Welcome back to Discovering Alone™. Last time we talked about the Hero’s gameplay, but we mentioned very little about the Evil Players. Today, we’re gonna fix that! As you already know at this point, the Hero can only see the nearby Sectors; the many Actions at his disposal allow him to progress with his mission. He plays a game of exploration, deduction and survival. On the Evil side of the screen, things are completely different.

At the beginning of the game, the Evil players follow a mostly randomized procedure to generate a new map layout. Thanks to this, you can still have an always different experience even if you replay the exact same scenario. Each story chapter is narratively described in the scenario booklet, but gameplay-wise, most scenarios are composed by three kinds of cards: a Main Objective, a Bonus Mission and an Ongoing Malus. The Main Objective is the mission the Hero needs to complete to win the game. The other two missions are optional. If the Hero completes the Bonus Mission, he will gain some kind of permanent advantage for the rest of the game. The Ongoing Malus, instead, is a nuisance that is active since the beginning of the game. If the Hero completes that mission, that nuisance is permanently removed. Since they are the only ones allowed to look behind the screen, it’s the Evil players’ duty to setup and manage the missions.

Once the setup is completed and the game has started, it’s the Hero’s turn to become the absolute protagonist of the adventure. The Evil players will have to see what he does, plan a series of traps to stop him from completing his missions, and wait for the most effective moment to strike. They all play together towards a common goal: killing the Hero, or at the very least preventing him from completing his Main Objective.

They don’t have a proper turn, but they can React to the Hero’s Actions. They can Spawn Creatures, Move Creatures, Place Alert tokens or Play Cards. The don’t have to spend Action points to pay for these: to pay the cost of a Reaction, they need to discard a certain number of cards. Creatures and Alert tokens are the main menaces the Evil directly places on the map. Whenever placed or moved, they produce radar signals the Evil players must communicate to the Hero (who can use this info to deduce and avoid the Evil players’ plots). They are usually activated when the Hero enters an Unrevealed Sector that contains some of these menaces, either because of his own recklessness, or a well planned Evil bluff. To make things even more difficult, the Evil players may even place fake Alerts, forcing the Hero to lose time to check all of them, or run through and take risks.

Cards, instead, are mainly used in response, and have a more “instant” use. They all have a Basic effect and a Bonus effect, triggered by some kind of requirement (like the presence of a Creature or an Alert token, or other environmental conditions). If particular requirements are fulfilled (and the Evil players still have enough cards to pay the extra costs involved), the cards can even be chained together to create a bigger combo with one single Reaction. A lot of careful planning is required to pull it off, and a bit of luck too, but when it happens it is a very satisfactory moment for the Evil players… not so much for the Hero, of course! As we mentioned in the gameplay introduction, each Evil player has a different personal deck; moreover, each deck is thematically different, changing its player’s overall gameplay style. For example, the Fury deck is specialized and fighting and dealing a lot of HP damage; the Fear deck is all about sneak attacks and undermining the Hero’s Self-Control; and so on.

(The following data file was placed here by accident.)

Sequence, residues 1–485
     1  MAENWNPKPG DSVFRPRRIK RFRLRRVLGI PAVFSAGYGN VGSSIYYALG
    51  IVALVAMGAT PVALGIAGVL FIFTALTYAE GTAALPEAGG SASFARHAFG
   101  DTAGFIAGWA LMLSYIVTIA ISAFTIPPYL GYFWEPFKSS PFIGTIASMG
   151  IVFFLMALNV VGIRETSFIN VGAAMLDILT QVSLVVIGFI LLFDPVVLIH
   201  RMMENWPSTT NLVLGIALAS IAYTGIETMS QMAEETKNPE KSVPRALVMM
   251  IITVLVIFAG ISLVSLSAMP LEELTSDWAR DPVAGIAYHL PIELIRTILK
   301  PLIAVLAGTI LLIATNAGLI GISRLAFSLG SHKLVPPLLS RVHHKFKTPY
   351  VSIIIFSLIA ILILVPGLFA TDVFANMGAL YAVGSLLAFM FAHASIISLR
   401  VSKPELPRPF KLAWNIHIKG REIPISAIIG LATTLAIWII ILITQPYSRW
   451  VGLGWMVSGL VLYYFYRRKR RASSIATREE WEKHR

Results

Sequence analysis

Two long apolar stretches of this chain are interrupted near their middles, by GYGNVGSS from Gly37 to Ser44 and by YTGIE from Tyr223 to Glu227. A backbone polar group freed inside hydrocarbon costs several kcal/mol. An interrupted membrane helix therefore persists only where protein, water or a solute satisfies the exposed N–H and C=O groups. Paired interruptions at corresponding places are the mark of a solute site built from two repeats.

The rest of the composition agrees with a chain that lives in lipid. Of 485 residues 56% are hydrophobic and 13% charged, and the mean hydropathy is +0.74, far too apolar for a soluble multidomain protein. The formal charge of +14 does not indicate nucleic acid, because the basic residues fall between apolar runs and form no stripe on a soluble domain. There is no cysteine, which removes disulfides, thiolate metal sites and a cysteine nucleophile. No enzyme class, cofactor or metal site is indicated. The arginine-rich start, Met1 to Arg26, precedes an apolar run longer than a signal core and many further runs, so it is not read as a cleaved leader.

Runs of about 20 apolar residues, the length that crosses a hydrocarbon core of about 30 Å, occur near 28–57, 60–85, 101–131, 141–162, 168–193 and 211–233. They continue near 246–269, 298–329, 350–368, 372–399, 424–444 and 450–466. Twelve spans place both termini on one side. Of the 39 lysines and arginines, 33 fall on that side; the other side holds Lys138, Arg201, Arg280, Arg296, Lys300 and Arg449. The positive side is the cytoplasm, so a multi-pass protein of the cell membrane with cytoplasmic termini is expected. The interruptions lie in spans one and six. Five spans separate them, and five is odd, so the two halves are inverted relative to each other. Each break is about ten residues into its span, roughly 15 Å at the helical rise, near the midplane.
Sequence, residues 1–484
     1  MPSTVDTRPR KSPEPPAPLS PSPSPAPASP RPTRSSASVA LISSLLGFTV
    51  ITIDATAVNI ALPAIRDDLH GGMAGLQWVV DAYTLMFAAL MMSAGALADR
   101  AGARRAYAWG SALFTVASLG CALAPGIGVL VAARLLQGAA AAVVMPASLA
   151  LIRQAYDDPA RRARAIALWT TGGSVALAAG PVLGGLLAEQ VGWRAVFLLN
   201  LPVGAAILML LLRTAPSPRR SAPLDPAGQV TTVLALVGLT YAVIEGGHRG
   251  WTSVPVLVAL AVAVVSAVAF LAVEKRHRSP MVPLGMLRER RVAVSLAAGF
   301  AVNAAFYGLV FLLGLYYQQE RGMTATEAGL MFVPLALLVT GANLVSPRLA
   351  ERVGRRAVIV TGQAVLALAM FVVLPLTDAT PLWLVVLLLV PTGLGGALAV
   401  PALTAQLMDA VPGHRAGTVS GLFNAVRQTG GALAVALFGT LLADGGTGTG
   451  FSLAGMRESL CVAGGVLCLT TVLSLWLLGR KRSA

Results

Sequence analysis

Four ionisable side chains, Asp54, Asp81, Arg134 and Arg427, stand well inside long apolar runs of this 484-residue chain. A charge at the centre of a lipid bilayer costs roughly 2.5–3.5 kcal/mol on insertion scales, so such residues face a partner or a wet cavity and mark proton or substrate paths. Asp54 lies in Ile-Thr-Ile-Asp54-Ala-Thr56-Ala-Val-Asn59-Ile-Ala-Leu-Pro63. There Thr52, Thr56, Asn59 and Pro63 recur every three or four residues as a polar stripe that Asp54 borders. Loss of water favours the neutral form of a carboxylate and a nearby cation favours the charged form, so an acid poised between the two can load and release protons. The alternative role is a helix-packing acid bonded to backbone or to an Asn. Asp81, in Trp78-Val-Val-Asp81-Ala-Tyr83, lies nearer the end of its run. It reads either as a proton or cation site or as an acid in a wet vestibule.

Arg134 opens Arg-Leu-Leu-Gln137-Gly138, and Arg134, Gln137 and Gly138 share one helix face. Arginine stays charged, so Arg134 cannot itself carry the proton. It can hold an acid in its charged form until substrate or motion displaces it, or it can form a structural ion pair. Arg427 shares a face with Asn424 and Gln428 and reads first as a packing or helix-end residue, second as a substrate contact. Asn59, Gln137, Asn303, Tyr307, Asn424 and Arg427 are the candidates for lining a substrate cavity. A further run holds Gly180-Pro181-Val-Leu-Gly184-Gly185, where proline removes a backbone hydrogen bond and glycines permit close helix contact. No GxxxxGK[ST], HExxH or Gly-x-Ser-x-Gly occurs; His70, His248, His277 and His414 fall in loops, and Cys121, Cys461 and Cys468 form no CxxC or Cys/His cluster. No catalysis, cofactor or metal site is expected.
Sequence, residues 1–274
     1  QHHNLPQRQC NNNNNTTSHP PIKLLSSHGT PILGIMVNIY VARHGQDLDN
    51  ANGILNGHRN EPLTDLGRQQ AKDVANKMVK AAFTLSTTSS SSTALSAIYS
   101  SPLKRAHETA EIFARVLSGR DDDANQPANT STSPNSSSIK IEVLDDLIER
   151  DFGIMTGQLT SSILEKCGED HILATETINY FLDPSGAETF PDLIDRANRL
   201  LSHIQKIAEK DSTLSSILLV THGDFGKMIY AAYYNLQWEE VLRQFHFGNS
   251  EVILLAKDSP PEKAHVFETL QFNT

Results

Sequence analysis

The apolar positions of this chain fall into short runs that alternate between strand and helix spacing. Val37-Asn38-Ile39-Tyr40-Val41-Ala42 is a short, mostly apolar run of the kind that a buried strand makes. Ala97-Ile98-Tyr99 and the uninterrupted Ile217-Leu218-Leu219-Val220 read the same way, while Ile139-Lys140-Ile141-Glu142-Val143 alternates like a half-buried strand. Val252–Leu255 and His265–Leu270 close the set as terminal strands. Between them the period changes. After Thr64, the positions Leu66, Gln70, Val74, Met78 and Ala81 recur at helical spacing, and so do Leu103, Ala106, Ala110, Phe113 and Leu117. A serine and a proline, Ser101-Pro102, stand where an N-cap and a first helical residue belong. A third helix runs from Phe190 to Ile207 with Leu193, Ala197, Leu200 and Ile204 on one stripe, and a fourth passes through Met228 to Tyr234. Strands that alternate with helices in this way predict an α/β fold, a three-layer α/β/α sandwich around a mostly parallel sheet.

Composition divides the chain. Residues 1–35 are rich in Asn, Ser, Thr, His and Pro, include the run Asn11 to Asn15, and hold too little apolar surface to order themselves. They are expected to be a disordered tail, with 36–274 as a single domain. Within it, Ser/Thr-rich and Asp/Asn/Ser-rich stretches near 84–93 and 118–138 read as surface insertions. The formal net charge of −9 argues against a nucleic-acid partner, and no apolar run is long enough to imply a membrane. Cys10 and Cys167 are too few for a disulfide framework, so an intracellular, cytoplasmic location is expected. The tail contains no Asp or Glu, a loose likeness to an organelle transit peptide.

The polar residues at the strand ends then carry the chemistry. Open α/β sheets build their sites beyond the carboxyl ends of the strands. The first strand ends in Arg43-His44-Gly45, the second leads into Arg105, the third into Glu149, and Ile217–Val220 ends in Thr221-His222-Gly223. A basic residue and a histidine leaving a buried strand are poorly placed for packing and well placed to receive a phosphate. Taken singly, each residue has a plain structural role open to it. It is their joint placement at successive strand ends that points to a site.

A different Evil player will be the Evil Leader during each one of the Hero’s turns. The Evil Leader has a more cards in hand than his allies, so he’ll be able to play more than the others during that round, and he will also be making the calls when the Evil players disagree on the strategy to apply. Since the Evil card decks are different, each turn will be played slightly differently, depending and which deck is used by the Leader. This has two advantages: even if their game is fully cooperative, each Evil player will still feel unique and special; it will also force the Hero to plan his moves differently, each round. It may be better to avoid a fight, when the Fury player is in charge!

The Hero has not an easy life in Alone, but the Evil players have their own challenges, too. They can’t just play everything they want, whenever and wherever they like. They are not only limited to one Reaction at a time; the Hero can also prevent them from doing so thanks to its Adrenaline. Their hand of cards is limited, and without cards, they can’t React anymore; finally, the Creatures and Alerts general pool is limited too (they can’t be replaced when they are killed or removed), and only a certain number of them can be present on the map at the same time. Evil players need to be careful with their resources, just like the Hero.

This is all for today’s update. Thanks for reading! If you liked it and you want to know more, keep following our website, our facebook page and our twitter profile to know when the next installments of this series will be published. To stay updated on all things Horrible, you can also subscribe to our newsletter, of course.

In the next update, we will take a closer look at the story and setting of Alone. See you next time!